How exactly did a fourty-minute long Japanese animated film about ghosts have me crying by the end? I can safely say that Summer Ghost was not what I expected, but in the best way possible. It details the friendship between three strangers potentially brought together by fate in incredibly vidid detail. Each character is layered and richly sketched; even the film’s titular ghost has a shockingly detailed and deeply sad backstory. With such a short runtime and the shocking ability of screenwriter Otsuichi to weave it all together beautifully, Summer Ghost is an easy recommend for even casual anime fans.
Legend has it, there is a “summer ghost,” said to take the form of a beautiful woman around twenty, with long hair and dark clothes, who can only be potentially glimpsed in the company of freshly-lit fireworks. A trio of young teens get together in the hopes of actually seeing the summer ghost—this could be a vital summer for each of them, in completely different ways. Ryo has just had a brain scan, and is given only nine months left to live. Aio is being bullied at school to the point that she almost kills herself. Tomoya has an unhealthy obsession with death, unsure of what path to follow in his own life in his attempts to play it all by the book.
With these three distinct backgrounds, Ryo, Aio, and Tomoya each have different questions they wish to ask of the summer ghost should she appear. Of course, there would be no movie if she did not. She offers to answer a request from each of them, despite the potential resolutions not exactly being up to snuff. Unsurprisingly, Ayane’s thorough responses are what help form the movie’s beautiful heart. Not only this, but Ayane also sparks the storyline about the teens helping her to recover her own physical body that has never been found. Accompanied by enthralling, atmospheric animation style, it did not take me long to fall in love with Summer Ghost.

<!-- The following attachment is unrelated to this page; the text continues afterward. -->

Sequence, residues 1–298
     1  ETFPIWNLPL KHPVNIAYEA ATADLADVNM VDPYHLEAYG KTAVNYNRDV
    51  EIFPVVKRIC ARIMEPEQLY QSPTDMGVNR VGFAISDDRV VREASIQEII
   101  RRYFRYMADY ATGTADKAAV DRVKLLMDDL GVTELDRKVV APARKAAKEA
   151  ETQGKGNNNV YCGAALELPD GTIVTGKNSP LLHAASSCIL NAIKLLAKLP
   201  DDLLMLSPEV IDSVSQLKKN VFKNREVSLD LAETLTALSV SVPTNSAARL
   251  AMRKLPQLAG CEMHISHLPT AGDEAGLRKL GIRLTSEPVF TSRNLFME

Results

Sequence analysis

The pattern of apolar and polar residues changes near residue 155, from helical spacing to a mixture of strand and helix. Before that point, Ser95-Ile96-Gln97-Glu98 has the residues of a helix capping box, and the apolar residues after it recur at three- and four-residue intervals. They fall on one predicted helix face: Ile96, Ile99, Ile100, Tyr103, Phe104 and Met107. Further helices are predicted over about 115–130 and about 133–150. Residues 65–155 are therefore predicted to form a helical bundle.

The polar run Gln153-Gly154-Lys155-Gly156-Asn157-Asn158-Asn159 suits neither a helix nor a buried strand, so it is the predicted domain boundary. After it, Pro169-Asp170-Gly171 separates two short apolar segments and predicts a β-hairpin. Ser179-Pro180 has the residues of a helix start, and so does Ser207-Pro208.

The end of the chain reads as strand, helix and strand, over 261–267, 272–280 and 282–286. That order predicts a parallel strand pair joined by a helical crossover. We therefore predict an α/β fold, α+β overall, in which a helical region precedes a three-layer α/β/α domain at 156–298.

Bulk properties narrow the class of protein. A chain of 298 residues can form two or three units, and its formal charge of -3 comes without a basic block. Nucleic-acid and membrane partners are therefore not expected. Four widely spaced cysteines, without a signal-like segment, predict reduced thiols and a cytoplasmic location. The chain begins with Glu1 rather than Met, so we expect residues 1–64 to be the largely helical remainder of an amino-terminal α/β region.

This surprising animated feature is chock full of important thematic messages about death and what it means to live, particularly impressive when one considers its all-too-brief runtime. But honestly, that is the one and only thing I can knock about the feature. I did not expect to walk away from the film sobbing just before I was about to go into work—sometimes the most meaningful movies are the ones that quietly sneak up on you. Certainly, Summer Ghost falls into this category. I longed to revisit this lush world with these characters, contemplating the possibilities of visiting a summer ghost of my own.
Summer Ghost screened at 2022’s Animation Is Film Festival.